whole value chain, providing great ideas that lead to fantastic innovations."
Mr Nitschke said the huge focus on technology – in particular apps and sensors to manage and monitor both crops and
product – fits the interests of young people.
"Traceability is huge. Customers demand transparency across the whole supply chain and technology is enabling us to pick
the right fruit, at the right time, and at the right quality for the right market.
"When it comes to sustainability, technology is helping us monitor and manage what's going on, enabling targeted
responses to pests and diseases. Technology in horticulture is about prevention rather than cure, and I think the
possibilities inherent in this are leading young people to recognise that their interests and values can align with the
scale and depth of opportunities in horticulture," he said.
The five finalists in the Royal NZ Institute of Horticulture Education Trust’s ‘Young Horticulturist of the Year 2016
Competition’ – to be contested this week on Wednesday and Thursday – come from Pukekohe, Auckland (2), Hawke's Bay and
The finalists – all winners of their respective horticulture sectors – will compete in the Young Horticulturist of the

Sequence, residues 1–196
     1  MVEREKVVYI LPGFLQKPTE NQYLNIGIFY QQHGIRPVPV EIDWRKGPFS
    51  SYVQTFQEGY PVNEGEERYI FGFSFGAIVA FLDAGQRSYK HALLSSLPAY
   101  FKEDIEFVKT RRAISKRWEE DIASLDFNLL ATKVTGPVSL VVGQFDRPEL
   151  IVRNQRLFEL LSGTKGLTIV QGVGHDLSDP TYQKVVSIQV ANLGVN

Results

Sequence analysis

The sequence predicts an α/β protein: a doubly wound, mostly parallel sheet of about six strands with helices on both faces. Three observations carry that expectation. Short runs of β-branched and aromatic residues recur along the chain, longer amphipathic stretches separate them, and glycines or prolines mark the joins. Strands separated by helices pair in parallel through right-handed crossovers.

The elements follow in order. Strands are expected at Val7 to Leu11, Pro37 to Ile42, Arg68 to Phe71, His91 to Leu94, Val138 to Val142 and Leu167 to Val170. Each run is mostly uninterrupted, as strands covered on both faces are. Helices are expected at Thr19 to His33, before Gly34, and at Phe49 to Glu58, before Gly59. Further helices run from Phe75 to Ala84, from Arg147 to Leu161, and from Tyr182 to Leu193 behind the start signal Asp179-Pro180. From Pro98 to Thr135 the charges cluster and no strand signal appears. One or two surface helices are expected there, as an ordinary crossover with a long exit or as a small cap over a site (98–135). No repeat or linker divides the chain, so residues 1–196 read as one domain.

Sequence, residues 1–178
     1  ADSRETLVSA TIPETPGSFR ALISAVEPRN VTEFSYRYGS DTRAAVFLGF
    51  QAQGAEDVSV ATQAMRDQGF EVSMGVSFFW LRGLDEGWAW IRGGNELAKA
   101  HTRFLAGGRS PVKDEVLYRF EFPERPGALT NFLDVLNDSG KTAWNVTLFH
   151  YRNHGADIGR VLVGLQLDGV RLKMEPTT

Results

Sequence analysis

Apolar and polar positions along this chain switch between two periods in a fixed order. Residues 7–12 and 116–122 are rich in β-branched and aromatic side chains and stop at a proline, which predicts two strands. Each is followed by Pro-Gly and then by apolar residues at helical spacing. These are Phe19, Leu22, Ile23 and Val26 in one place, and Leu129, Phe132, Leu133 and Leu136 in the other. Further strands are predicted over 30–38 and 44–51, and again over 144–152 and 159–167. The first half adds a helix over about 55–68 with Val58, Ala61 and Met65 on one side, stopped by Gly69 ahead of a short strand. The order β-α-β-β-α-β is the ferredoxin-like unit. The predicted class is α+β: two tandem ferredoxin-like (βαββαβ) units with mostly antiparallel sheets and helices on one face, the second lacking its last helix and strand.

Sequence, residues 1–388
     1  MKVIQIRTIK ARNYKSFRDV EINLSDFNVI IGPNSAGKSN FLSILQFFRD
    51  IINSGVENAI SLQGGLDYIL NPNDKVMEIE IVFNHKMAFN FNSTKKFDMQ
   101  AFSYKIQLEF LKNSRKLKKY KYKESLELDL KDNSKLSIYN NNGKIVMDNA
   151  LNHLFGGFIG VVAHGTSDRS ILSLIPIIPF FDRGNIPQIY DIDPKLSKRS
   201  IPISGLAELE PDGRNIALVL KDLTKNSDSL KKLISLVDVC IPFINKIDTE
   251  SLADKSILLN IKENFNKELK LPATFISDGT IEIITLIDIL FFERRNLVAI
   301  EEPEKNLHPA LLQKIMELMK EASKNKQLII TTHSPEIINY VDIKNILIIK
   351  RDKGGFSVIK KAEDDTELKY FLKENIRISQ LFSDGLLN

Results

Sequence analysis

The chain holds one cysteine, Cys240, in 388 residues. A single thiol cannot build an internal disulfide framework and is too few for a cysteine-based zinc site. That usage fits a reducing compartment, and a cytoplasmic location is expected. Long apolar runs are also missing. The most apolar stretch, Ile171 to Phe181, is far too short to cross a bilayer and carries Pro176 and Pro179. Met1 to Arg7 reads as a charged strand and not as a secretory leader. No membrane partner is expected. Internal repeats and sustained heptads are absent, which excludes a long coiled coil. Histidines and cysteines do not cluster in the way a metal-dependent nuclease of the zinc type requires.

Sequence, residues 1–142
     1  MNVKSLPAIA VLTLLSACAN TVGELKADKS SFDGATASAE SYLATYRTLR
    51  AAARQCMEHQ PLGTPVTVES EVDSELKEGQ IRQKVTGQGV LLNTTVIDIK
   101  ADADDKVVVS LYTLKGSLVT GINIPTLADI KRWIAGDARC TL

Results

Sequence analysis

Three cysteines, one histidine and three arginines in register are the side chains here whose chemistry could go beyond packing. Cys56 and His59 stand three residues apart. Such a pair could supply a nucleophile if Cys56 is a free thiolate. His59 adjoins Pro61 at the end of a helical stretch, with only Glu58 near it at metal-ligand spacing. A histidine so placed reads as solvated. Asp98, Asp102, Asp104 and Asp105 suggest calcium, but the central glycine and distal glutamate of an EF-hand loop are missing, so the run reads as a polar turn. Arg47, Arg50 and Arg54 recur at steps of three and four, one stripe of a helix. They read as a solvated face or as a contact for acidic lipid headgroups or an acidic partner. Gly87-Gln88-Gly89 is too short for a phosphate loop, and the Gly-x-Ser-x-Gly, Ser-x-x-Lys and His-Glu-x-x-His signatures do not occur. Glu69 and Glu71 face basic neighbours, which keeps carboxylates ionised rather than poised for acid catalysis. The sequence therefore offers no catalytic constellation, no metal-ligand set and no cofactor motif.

Year 2016 Competition’ grand final held over the two days of November 9 and 10, at the Auckland Botanic Gardens in
Finalists (30 years and under) compete for a prize pool of over $40,000 that includes a $7,500 T travel and accommodation package and a $5,500 Massey University study scholarship, as well as an AGMARDT Market
Innovation Project first prize of $5,000.
The Young Horticulturist of the Year competition is made possible through the generous support of Young Horticulturist
of the Year 2016 competition partners AGMARDT, T and Fruitfed Supplies.
Supporters of the competition are Bayer CropScience, Massey University, Primary ITO, Countdown, NZ Gardener Magazine and
Trillian Trust. Plus, affiliated supporters, friends, volunteers and industry specialist who give their time.
For more information about how to enter, visit www.younghort.co.nz
for more information
The Education Trust manages the Young Horticulturist of the Year competition on behalf of the sponsors and the
The purpose of the Trust is to assist and promote, in any way possible, horticultural training and education in New
Zealand, including promoting and providing scholarships and prize schemes for young people in horticulture.
The Young Horticulturist of the Year competition aims to offer a national competition that nurtures and develops future
leaders in the horticultural industry through the sector competitions, and to promote horticulture as a career
opportunity and to lift the profile of the horticulture industry as an exciting and rewarding occupation.
The vision of the competition is to identify and develop the next generation of leaders in the Horticultural industry,
and to foster and encourage the development of leadership capabilities in these people to meet the challenges of the